Fibre Bragg gratings

Fibre Bragg gratings (FBGs) are optical devices used in optical fibres to filter certain wavelengths propagating along the fibre. This is achieved when the light is made to reflect at a refractive modulation index on the fibre’s core. As a result the grating can reflect light with high efficiency over a narrow wavelength band. This technology has many applications within the field of Astrophotonics, as well as other fields such as communications and optical fibre sensory equipment.

Hexabundle fibres

Hexabundles are a type of hexagonal fibre arrangement where the fibres are either squeezed together so that there are no gaps in between (fused hexabundle) or are held together by a low stress glue (unfused hexabundle). These will replace components in modern multi-fibre systems.

Integrated spectrographs

One approach to the problem of rising cost and complexity in telescopes as their size increases is to feed the fibres into individual spectrographs rather than one huge (and expensive) spectrograph.

Integrated Photonic Spectrograph Schematic

Integrated Photonic Spectrograph Schematic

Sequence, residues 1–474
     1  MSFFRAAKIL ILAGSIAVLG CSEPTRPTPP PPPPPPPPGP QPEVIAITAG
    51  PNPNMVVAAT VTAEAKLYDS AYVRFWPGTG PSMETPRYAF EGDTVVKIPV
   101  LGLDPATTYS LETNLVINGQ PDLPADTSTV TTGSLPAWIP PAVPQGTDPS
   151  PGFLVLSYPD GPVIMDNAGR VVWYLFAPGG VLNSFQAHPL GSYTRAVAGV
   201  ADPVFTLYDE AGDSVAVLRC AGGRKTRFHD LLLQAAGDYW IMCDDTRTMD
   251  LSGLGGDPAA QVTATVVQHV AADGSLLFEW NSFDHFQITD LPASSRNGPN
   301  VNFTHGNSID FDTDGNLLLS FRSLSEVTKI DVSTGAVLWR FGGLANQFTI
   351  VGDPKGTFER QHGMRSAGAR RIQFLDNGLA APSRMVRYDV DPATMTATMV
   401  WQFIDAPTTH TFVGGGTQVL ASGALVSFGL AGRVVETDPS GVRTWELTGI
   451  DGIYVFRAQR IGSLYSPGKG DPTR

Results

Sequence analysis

Integrated Photonic Spectrograph

Integrated Photonic Spectrograph

Orbital Angular Momentum

Orbital Angular Momentum (OAM) has recently been investigated as a fundamental property of photons and has already found a number of applications. In astrophysics, it has been shown that by detecting the OAM of photons scattered from rotating objects, the rate of rotation can be measured.

Photonic lanterns

The photonic lantern has been developed as a solution to the problem of working with single and multimode fibres in conjunction. This is a technology with many potential applications, not only in astrophysics and astronomy.

Planar Waveguides

These waveguides combine the signals from the component telescopes of an interferometry array, which are connected by an optical network.

Laser Frequency Combs

Frequency combs allow astronomers to detect extrasolar planets by comparing the oscillation of the observed star’s line spectrum with a fixed predicted spectrum, mapped using a laser.

Adaptive Optics

The images of most objects picked up by telescopes are badly distorted by the medium in between the source and the receiver. Adaptive optics attempts to correct this.

Artificial Star Generation

A close by reference point is required in order to use adaptive optics technology. If a bright celestial object is nearby, this makes observations much simpler, but normally an artificial “guide star” is required, and is generated by a powerful laser exciting molecules in the upper atmosphere.

Liquid Crystal Polymers

Liquid crystal polymers are used in adaptive optics as the “adaptive” part, as they can be deformed depending on the nature of the correction being made by the system.

Fibre Positioning Technology

Research continues to go into the robotic fibre positioning systems used to move fibres around on the spectroscopy plates to observe the desired area of sky. The AAO produces many fibre positioners for use in instruments across the world, such as OzPoz and ECHIDNA.